Friday, August 05, 2005

A Busy Week

I've got my student ID at Berkeley (I'm not ready yet to call it Cal), set up my computer account (though not my Berkeley e-mail account), changed my cell phone to the 510 area code (e-mail me, I'll tell you what it is now), asked after student health insurance, figured out public transit from Newark to Berkeley (see below), signed up for the school rentals listings, visited the libraries and circuited the hilly campus, called after about nine listed rooms and set up appointments for four (see below), checked out my options for daily Mass near campus (the Newman Center is better than its fifties-ish architecture indicates), and joined the study group for the preliminary exam (a six-hour written exam covering undergraduate preparation in analysis and algebra). Oh, and I took Wednesday off to visit Alice in San Francisco, where we strolled around North Beach and the Embarcadero. It's been a good week, but...

A Costly Lesson

Tuesday, I didn't make it up to Berkeley. See, I tried to catch the BART train (thinking that this would be more convenient), but I got lost on the way there, trying to remember the directions from the time that Alice and I visited Saint Edward Parish in April. After finding my way back to the parish and printing out directions, I proceeded there to find half the parking lot closed for resurfacing. Every remaining spot was taken, and twenty or so other cars circled like vultures for the three or four people who would come back in the middle of the day. I tried to find another available parking lot, but they all warned against using their spaces for BART overflow. So I turned back in dejection (OK, in conniptions), and promptly got incredibly lost (eventually circling the one-way streets of Niles, California). The morning was a total wash.

Not a costly lesson, you say? Well, that wasn't it. I'm tricky like that. The real costly lesson about BART was learned on Thursday, when I finally arranged everything to take the BART to Berkeley. I stayed there that evening to see a room for rent, then met the other new math grad students later for some beers at Three Rocks Brewery. We argued about the culture of math (whether we make too much of the story of Galois), the funding of math (whether the NSF grant program is really worth it), and tried in vain to stop talking shop.

It was 12:45 when I finally left for the BART station, where I discovered I had missed the last southbound train. I did not want to be transferring between buses until 3 AM, so I took a cab.

My costly lesson was twofold: (1) know when the last train leaves if you plan on taking it late, and (2) don't take a cab 30 miles without first checking its rate. That lesson, I'm humiliated to say, cost me $90 in the end. Thus it supplants my previous Most Costly Lesson.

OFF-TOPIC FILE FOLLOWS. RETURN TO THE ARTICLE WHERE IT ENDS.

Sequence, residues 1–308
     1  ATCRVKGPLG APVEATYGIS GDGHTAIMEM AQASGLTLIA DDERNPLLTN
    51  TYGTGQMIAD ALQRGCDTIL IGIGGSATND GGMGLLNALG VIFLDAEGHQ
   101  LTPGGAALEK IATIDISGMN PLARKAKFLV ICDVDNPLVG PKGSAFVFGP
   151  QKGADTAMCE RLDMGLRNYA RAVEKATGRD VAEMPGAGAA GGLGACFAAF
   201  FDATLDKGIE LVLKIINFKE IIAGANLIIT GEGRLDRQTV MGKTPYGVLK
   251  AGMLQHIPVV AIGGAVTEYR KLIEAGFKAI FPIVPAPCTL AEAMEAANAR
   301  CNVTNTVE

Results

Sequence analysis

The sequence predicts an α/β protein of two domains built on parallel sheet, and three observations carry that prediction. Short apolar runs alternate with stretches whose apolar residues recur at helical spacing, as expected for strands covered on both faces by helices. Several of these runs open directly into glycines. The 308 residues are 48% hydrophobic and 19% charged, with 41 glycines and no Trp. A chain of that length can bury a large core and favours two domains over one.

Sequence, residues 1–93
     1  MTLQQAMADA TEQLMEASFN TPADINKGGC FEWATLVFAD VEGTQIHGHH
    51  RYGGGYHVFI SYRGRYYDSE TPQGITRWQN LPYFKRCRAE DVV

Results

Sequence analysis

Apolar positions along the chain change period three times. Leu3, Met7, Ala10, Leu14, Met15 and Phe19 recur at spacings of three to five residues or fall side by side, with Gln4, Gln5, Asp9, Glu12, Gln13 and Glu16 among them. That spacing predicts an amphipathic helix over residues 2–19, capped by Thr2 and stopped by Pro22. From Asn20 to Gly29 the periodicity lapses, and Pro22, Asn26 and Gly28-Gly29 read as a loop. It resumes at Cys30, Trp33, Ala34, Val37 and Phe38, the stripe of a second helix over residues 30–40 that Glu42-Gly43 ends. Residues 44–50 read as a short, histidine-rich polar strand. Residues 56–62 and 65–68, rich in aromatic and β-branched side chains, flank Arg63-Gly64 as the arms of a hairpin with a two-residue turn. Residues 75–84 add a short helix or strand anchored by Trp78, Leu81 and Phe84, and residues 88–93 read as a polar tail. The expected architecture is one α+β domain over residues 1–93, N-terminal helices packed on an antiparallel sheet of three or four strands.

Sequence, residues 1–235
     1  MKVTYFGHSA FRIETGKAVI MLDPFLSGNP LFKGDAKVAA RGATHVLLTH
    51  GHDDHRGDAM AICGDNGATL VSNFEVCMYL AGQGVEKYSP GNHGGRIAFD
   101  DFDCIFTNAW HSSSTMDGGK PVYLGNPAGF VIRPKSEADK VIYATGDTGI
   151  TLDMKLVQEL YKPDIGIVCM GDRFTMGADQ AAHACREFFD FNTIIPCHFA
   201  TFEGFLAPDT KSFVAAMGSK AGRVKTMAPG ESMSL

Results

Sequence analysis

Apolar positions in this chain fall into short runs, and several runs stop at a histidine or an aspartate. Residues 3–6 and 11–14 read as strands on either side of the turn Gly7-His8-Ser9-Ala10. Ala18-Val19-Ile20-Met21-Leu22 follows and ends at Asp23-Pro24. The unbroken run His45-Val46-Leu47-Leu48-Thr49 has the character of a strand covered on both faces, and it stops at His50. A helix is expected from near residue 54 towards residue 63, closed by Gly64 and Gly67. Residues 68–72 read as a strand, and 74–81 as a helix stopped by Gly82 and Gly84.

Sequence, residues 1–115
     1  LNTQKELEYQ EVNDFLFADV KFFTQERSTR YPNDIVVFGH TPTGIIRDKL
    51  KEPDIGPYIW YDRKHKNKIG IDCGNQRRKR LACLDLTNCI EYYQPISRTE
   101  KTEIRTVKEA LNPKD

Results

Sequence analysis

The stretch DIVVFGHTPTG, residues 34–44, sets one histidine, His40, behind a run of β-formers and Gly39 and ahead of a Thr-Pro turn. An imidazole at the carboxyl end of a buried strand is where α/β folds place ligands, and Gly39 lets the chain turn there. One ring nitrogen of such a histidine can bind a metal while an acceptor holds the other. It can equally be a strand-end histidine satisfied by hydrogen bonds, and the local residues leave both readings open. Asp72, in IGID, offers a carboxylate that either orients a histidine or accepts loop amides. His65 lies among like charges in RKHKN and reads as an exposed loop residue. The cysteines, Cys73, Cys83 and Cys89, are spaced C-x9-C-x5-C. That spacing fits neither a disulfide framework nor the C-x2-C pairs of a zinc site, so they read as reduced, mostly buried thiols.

A New Hope

At the same time as all this, I have been looking for a place to rent. Actually, I've secretly been hoping that something great will just fall into my lap, as it has before. The greatest blessings in my life, it seems, are the good things I wasn't even looking for. When I was applying to colleges, the University of Chicago wasn't even on my radar until the head of the math department at MIT named it as one of the country's four best mathematics schools. I was offered the great summer job at Midtown without asking; the next year, I was offered a spot housesitting for the Bevingtons without asking; the next year, the Cal Poly REU offered me a fantastic deal for room, board, travel and stipend which was much better than I expected. And then, of course, I wasn't lonely or looking for a girlfriend when Alice came along; I had in fact decided to forgo dating for studying that quarter. My plans went agley, and for the better.

Anyway, back to the housing search. I saw my first room on Thursday, then two more today.

Place #1 required walking 40 minutes from campus, past abandoned/bulldozed lots and a scene with police questioning a city block full of people. The house and room were pretty good, but the couple who owned it were sort of averse to contact with others. Well, the husband was; the wife might have been friendlier if she and I had a language in common. And the rent was above my ideal range. Eh.

Place #2 was in a good neighborhood, at least. But when I looked through the dwelling, I noticed that someone had already moved in. The landlady was showing me a room she had agreed to rent, "in case the check didn't clear". Great.

After spending a total of 15 minutes inside the first two places, my expectations were lowered a bit for the third. But boy, third time was the charm! Great neighborhood (Elmwood, south of campus), a bit of a walk to Berkeley but not as much as Place #1. It is a big old house with several rooms being let out to grad students and postdocs (so far, all in the sciences this year), and the room is going for a great rate with biweekly cleaning thrown in. But the best part is really the owner, Barbara.

We'd talked a bit about the housing arrangements, then wandered off into real conversation- about movies, my family, her sequence of careers and hobby of ballroom dancing. When I let on that I was a devout Catholic, she exclaimed, "Oh, good! I'd hoped that you were" (I'd mentioned in our phone conversation that I was staying at a church), and mentioned how she loved Gregorian Chant. Though she's a Quaker herself, she's thought highly of her previous Catholic renters (though part of that was the joy of watching her tenants Paul and Mary meet, fall in love and marry). She's picky about what people she wants to stay in her home, and I seemed to pass the test. Of course, to satisfy Dad's standards of shopping around, I'll see the fourth place on Monday and try to catch a fifth. But I'm excited, because I think this is the one.

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